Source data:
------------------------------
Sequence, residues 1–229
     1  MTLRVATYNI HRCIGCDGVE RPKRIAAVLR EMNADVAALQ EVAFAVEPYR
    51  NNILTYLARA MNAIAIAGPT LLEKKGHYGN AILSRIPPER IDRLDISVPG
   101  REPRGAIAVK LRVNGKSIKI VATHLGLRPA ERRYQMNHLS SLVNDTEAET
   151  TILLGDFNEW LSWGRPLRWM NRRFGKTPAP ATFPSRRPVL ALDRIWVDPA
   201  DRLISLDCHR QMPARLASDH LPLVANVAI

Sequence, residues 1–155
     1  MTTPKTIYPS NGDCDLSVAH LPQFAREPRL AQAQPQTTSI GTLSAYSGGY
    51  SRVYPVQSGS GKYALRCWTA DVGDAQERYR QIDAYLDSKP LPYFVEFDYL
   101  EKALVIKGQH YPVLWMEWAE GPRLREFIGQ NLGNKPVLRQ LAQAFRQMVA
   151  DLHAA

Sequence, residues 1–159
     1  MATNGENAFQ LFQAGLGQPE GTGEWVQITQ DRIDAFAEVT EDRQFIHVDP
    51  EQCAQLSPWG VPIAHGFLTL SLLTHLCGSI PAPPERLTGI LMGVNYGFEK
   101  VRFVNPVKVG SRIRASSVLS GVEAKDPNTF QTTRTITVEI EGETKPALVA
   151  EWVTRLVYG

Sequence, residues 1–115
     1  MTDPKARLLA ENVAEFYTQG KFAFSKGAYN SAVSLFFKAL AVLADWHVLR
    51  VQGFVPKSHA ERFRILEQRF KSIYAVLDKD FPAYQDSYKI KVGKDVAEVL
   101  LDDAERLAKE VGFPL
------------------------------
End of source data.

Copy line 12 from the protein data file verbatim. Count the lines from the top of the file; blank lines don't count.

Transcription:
Sequence, residues 1–159